CSN Login
Members Online: 20

You are here

bone pain after treatment and what dr uses for pain control

Posts: 2
Joined: Jun 2013

 I am having bone, leg and back pain after 6 mo ovarian  cancer treatment. I am now 5 weeks from last  treatment but I still need my pain meds. When do I stop needing these meds. What are some of you who have pain still using to rid themselves of the bad pain. also the neuropathy is still in my fingers and alot in my feet. I hope this goes away. I am very tired and can sleep at any time.Is this normal? I guess I just want to know how to get back to normal. Please help with suggestions


Posts: 1995
Joined: May 2003

I do remember all that pain - it was horrible.  But I also remember that in time most of it subsides.  For neuropathy, I took B-6 as well as L-Glutamine (powder form).  It does help quite a bit to get you through the rough spots and speed up the detoxification process.  I can remember my Hubby feeling so bad for me and he would say, 'let me massage your arms (or legs and feet).  At first, it sounded like a good idea.  But it hurt even more, and the pain and burning was unbelievable.

As for the bone pain, the two nutrients I mentioned can also  help.  But you also need to continue to drink lots of fluids to flush all of this out of your system.  I was always instructed to do so, especially right after each treatment.  Hopefully, your are taking some supplements that will support your bones (such as Vitamin D, and Calcium/Magnesium).  Green vegetables are a good source of the cal/mag also.  

I also got some relief for the bone pain by soaking in a warm/hot bath, then getting into bed for the night right away.  I know that other Ladies will offer some other suggestions too.  I may have forgotten some, as it was 2000 for my first diagnosis, and 2006 for my recurrance.  I think some things have gone 'out of sight, out of mind'.

Sending Prayers and (((HUGS)) to you, Anoel.



Posts: 2
Joined: Jun 2013

 Thank you for your support and information on the supplements.Right at this moment the Dr's are starting to get me off the pain meds' , thank goodness but i hope the pain will not me worse. I am trying to do some low key exercises, do you have some advise? I am quite tired but getting off the meds might help. What stage were you on your first occurance of ovarian cancer/ That is if you do not mind telling me. How are you doing now after your recurrance?  Mine is stage IIB. how did you find out about your recurrance? I feel I am just out there and it is hard to know anything. I appreciate you and your comments.

Sending prayers and good energy to you, Monika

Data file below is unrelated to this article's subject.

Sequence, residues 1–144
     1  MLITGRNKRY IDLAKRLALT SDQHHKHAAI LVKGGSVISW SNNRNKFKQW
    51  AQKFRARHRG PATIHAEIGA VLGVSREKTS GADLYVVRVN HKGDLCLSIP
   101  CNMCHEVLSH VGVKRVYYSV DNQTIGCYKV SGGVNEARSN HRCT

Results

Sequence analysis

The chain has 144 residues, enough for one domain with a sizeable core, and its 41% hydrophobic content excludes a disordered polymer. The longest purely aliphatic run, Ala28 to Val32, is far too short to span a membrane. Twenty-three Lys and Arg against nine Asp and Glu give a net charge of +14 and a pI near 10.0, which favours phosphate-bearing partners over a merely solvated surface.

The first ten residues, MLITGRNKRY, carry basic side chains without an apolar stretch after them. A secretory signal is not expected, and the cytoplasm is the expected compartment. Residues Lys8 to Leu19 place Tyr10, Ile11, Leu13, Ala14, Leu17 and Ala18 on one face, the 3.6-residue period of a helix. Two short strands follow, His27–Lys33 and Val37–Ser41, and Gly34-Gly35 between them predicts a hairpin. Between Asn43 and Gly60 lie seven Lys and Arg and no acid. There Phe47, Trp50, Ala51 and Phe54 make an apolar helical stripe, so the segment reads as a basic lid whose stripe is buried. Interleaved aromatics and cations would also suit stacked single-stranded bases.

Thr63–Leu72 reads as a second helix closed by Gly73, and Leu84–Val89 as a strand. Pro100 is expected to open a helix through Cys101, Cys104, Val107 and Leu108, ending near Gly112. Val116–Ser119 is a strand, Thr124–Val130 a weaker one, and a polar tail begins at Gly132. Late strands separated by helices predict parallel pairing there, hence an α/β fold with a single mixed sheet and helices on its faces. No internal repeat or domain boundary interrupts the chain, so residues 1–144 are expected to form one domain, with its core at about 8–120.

Posts: 1995
Joined: May 2003

I was stage 1C.  Didn't even know I had cancer - no signs or symptoms.  I went to my ob/gyn for my yearly check-up and he found a uterine fibroid.  Then he did a CA125 test (which I had never heard of before), and call me with results.  Because it was slightly elevated, he thought it best I see an oncologist.  His suggestion saved my life.  And although the CA125 could have been elevated due to the fibroid and/or my history with endometriosis, the oncologist scheduled surgery.  Said he would be as 'conservative as possible'.  Turns out everything was removed, because it was OVCA.

As for the recurrance, once again I had no symptoms.  But the CA125 was slowly and consistently rising, so the onc scheduled another surgery.  A tumor was removed, and I had the 6 rounds of chemo again.

Today I am doing well!  I am overdue for my CT scan, but I'm still paying off the two that I had several years ago.  However, I keep up with the CA125 test, and will be scheduling a follow-up visit with the doctor soon.  I understand your confusion, and difficulty in knowing what's 'right and wrong'.  For me, it comes down to knowing my body, my 'signals', etc.  It can't be 100% perfect, but for me the CA125 has become the indicator that something could be going on if there's a consistent rise.

As for exercise, anything that you can handle and enjoy.  My program consists of weight training and some cardio.  I am on my feet all day long, and on the move constantly, so I focus on bone-strengthening resistive training.  It keeps up my muscle mass, decreases fat, and makes me feel stronger, too.  For lymphatic cleansing (very important since I'm minus about 60 lymph nodes!), I use the mini trampoline, sometimes the larger one we have outside, too.